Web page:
On Galveston: September 2006

Hello Mickey here again. It seems like I just did one of these, I guess time flies when you are catching fish. It's been good, so sit back and let me tell you all about it.

Trinity Bay

Trinity's still hanging in there although we had some weather that brought spotty fishing in the last couple of weeks. We pulled some winds we normally don't get this time of year and could not get to the open water where the fish are holding, wind velocity above 15mph kept us stuck to the shorelines and it is slower there. Almost everything is still coming over mid-bay shell; we have been working the slicks and occasionally checking on the birds. There have been a lot of juvenile fish under them so far but you can hit a school every once in a while that has all keepers. For the most part I have not been working these birds too hard because it has been too inconsistent and I do not like catching those smaller fish and taking a chance injuring them. You can kill a lot of them this time of year with the hot weather; I really encourage everyone not to do it unless they know that they are on some quality fish.

Pretty much everything else has been on the same pattern I described last month and in July. We have been using Kelly Wigglers and Cocahoe Minnows. Color has not been a factor. We have been throwing everything from night glow with a chartreuse tail to a black with a chartreuse tail. You know me; my favorite color is anything red or plum. These colors pretty much work in all water conditions. There has been a little bit of top water action. Throwing top waters is easier when I have a light crew on the boat because you can not really have all four men on the boat throwing top waters, it can get pretty dangerous. With a light crew we have been doing real well in 7 8 feet of water with bone Super Spook and catching some quality reds and trout out of the mid-bay slicks. The top plugs work good until the sharks get bad and we have to take them off because the sharks can eat them up.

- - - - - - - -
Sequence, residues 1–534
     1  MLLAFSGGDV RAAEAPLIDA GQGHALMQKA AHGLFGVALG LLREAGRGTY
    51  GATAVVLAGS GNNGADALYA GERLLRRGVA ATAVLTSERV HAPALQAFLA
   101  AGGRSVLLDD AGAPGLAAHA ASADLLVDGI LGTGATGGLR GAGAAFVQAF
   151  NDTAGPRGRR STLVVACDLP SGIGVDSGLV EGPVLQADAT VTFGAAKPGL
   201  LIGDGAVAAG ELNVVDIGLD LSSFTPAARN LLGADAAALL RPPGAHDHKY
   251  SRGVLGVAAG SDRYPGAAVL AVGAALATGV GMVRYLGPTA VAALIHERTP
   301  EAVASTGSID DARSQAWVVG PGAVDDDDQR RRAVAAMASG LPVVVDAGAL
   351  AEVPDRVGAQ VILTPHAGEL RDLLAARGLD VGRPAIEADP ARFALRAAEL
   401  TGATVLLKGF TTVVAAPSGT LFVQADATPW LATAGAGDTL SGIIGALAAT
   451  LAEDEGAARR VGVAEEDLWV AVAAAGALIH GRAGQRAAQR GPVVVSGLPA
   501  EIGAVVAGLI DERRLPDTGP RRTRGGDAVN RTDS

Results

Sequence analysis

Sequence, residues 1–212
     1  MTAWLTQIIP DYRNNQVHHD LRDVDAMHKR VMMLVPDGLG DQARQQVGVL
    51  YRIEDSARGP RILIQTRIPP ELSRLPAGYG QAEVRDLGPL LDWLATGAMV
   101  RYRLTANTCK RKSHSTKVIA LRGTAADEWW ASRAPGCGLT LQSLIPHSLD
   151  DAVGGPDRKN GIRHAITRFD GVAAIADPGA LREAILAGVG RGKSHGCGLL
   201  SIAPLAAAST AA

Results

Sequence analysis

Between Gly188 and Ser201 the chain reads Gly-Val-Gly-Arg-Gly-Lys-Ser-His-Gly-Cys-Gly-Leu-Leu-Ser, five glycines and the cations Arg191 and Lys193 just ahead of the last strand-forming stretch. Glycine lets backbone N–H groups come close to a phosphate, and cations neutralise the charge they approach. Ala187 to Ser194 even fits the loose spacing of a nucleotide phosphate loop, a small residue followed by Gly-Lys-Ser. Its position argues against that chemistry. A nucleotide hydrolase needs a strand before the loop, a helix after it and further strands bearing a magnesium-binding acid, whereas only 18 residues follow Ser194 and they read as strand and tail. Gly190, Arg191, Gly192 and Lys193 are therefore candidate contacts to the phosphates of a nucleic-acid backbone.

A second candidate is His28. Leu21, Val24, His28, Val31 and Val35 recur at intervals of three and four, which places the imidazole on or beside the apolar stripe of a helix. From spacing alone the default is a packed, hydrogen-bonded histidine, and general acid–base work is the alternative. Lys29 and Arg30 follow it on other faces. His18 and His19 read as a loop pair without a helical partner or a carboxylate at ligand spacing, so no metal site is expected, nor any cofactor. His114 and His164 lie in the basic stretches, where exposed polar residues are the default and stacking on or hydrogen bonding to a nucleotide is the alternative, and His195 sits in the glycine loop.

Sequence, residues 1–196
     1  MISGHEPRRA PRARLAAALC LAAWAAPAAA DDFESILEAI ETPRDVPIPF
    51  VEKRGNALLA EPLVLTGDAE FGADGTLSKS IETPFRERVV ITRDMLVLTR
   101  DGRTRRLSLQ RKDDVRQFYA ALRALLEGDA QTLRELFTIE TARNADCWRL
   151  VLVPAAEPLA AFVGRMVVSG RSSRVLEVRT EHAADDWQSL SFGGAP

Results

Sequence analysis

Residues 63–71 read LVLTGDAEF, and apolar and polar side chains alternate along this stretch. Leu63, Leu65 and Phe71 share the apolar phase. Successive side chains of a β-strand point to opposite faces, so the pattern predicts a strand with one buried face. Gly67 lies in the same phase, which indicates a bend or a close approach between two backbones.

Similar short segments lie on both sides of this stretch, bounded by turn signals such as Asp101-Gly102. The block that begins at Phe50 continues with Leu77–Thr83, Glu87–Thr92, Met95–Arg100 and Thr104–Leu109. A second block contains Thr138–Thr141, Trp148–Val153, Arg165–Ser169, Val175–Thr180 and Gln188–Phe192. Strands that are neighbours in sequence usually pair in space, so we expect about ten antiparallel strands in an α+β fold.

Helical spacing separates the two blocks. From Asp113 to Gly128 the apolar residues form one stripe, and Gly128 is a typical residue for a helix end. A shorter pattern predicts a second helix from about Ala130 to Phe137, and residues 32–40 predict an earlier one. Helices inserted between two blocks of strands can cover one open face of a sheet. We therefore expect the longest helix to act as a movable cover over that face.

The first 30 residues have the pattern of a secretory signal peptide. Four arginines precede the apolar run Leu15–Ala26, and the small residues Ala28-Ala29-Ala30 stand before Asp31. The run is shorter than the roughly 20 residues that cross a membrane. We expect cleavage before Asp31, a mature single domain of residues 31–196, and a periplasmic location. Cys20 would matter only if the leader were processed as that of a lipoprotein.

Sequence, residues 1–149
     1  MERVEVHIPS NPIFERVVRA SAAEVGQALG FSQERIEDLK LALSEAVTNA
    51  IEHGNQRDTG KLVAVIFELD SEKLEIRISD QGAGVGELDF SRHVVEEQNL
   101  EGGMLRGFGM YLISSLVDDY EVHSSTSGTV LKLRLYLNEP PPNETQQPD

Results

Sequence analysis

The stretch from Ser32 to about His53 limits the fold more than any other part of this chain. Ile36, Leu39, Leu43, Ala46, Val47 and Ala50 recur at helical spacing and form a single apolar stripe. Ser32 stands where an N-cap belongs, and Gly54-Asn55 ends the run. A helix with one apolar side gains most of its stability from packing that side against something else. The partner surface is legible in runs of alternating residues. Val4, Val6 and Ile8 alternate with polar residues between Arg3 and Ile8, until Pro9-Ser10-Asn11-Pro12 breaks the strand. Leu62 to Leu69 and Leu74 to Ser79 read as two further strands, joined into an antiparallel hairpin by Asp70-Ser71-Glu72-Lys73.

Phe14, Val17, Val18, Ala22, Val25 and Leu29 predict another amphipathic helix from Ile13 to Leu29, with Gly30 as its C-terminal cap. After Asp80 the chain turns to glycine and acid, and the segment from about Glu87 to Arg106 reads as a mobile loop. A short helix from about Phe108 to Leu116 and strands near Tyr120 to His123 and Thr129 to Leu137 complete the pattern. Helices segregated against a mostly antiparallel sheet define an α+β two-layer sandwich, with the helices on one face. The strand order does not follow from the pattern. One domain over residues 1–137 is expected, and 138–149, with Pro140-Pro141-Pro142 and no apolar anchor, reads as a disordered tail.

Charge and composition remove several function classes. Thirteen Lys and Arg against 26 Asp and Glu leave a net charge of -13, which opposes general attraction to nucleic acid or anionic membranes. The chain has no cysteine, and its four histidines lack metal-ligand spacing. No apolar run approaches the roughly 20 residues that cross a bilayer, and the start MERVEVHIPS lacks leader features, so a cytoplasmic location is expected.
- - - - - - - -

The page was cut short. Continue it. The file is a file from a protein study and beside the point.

Other than that nothing has really changed when the wind is calm and we have good tidal movement we are spanking them pretty good, pretty easy limits. For about the past 10 days the fishing has been the best during the hottest time of the day, mid-day. I know a lot of people do not like to stay out there in that heat, they like to pop out there early and get them but we have been struggling in the morning. If we are wading it seems that we can get them early but boat fishing has been kind of early and around 11 o'clock here we go, they start lighting up. I have been riding around trying to hit different schools of fish seeing which one will pay off the best. A lot of big drum, trout, gafftop and reds are all mixed together in these big herds just working mud boils and slicks.

East Bay

Same pattern we're finding in Trinity is occurring over there too. Nothing has changed. I went over there a couple of times in the past week and did quite well. I limited one day and almost got my limit the next. We caught some good solid fish over there working the reefs from Hannah's all the way through the middle to the back. The shoreline reefs are producing best during early morning. Look for the best bite to be in 5-7 feet over shell and use your troll motor to stay on them. Pay particular attention to the slicks in these areas. We are seeing occasional trout at 27-28 inches on large topwaters very early as the sun is just coming up.